Because the Declaration concerns a technology which has been steadily progressing since the 1950s, and whose pace of major innovations increases in exponential fashion, it is essential to perceive the Declaration as an open guidance document, to be revised and adapted according to the evolution of knowledge and techniques, as well as user feedback on AI use in society. At the end of the Declaration’s elaboration process, we have reached the starting point for an open and inclusive conversation surrounding the future of humanity being served by artiﬁcial intelligence technologies.
For the first time in human history, it is possible to create autonomous systems capable of performing complex tasks of which natural intelligence alone was thought capable: processing large quantities of information, calculating and predicting, learning and adapting responses to changing situations, and recognizing and classifying objects. Given the immaterial nature of these tasks, and by analogy with human intelligence, we designate these wide-ranging systems under the general name of artificial intelligence. Artificial intelligence constitutes a major form of scientific and technological progress, which can generate considerable social benefits by improving living conditions and health, facilitating justice, creating wealth, bolstering public safety, and mitigating the impact of human activities on the environment and the climate. Intelligent machines are not limited to performing better calculations than human beings; they can also interact with sentient beings, keep them company and take care of them.
However, the development of artificial intelligence does pose major ethical challenges and social risks. Indeed, intelligent machines can restrict the choices of individuals and groups, lower living standards, disrupt the organization of labor and the job market, influence politics, clash with fundamental rights, exacerbate social and economic inequalities, and affect ecosystems, the climate and the environment. Although scientific progress, and living in a society, always carry a risk, it is up to the citizens to determine the moral and political ends that give meaning to the risks encountered in an uncertain world.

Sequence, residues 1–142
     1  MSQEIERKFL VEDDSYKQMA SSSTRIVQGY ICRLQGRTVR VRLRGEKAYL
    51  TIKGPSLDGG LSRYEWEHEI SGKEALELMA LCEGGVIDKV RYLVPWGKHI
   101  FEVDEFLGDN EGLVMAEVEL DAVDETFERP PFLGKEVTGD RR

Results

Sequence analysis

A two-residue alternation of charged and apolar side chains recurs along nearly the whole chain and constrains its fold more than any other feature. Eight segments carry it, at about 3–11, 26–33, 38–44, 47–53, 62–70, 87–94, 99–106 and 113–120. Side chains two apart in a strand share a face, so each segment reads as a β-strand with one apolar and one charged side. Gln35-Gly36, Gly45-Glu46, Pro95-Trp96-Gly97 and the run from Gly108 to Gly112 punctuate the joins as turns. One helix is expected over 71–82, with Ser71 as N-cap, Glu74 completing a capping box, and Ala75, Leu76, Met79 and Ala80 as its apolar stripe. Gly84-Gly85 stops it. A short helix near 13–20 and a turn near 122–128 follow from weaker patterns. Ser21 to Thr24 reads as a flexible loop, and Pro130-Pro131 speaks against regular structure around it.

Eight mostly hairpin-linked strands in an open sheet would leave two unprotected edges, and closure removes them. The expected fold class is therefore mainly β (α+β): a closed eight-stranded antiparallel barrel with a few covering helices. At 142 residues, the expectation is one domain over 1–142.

The lower the risks of its deployment, the greater the benefits of artificial intelligence will be. The first danger of artificial intelligence development consists in giving the illusion that we can master the future through calculations. Reducing society to a series of numbers and ruling it through algorithmic procedures is an old pipe dream that still drives human ambitions. But when it comes to human affairs, tomorrow rarely resembles today, and numbers cannot determine what has moral value, nor what is socially desirable.
The principles of the current declaration are like points on a moral compass that will help guide the development of artificial intelligence toward morally and socially desirable ends. They also offer an ethical framework that promotes internationally recognized human rights in the fields affected by the rollout of artificial intelligence. Taken as a whole, the principles articulated lay the foundation for cultivating social trust toward artificially intelligent systems.
The principles of the current declaration rest on the common belief that human beings seek to grow as social beings endowed with sensations, thoughts and feelings, and strive to fulfill their potential by freely exercising their emotional, moral and intellectual capacities. It is incumbent on the various public and private stakeholders and policymakers at the local, national and international level to ensure that the development and deployment of artificial intelligence are compatible with the protection of fundamental human capacities and goals, and contribute toward their fuller realization. With this goal in mind, one must interpret the proposed principles in a coherent manner, while taking into account the specific social, cultural, political and legal contexts of their application.